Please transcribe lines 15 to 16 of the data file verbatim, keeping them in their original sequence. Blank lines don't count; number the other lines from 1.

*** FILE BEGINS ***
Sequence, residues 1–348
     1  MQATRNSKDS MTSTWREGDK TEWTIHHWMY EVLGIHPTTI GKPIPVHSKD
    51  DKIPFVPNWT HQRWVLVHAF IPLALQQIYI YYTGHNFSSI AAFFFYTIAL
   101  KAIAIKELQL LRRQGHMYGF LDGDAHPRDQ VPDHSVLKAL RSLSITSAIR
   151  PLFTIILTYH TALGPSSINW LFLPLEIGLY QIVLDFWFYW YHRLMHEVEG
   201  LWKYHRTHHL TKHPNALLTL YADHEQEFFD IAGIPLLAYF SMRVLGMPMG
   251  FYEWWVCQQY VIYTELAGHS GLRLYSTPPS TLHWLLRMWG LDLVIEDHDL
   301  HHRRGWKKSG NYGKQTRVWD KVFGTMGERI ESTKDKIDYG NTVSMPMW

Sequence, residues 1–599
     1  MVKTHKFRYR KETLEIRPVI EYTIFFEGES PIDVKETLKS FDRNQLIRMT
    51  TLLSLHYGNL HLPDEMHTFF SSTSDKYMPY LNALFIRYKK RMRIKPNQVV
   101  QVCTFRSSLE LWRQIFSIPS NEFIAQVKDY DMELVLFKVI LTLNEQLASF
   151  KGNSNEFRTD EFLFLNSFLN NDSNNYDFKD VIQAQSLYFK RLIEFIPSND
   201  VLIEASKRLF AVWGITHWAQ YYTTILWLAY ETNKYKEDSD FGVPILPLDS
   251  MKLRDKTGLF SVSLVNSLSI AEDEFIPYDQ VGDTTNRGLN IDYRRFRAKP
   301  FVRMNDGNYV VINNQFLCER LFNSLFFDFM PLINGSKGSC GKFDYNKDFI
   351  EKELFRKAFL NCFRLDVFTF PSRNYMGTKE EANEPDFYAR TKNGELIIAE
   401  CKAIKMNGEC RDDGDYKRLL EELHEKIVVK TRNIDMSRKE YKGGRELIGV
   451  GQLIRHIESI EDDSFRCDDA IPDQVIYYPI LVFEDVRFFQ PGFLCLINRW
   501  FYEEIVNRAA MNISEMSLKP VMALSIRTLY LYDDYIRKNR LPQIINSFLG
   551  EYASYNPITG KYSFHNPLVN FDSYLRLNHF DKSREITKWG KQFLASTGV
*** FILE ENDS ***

   251  MKLRDKTGLF SVSLVNSLSI AEDEFIPYDQ VGDTTNRGLN IDYRRFRAKP
   301  FVRMNDGNYV VINNQFLCER LFNSLFFDFM PLINGSKGSC GKFDYNKDFI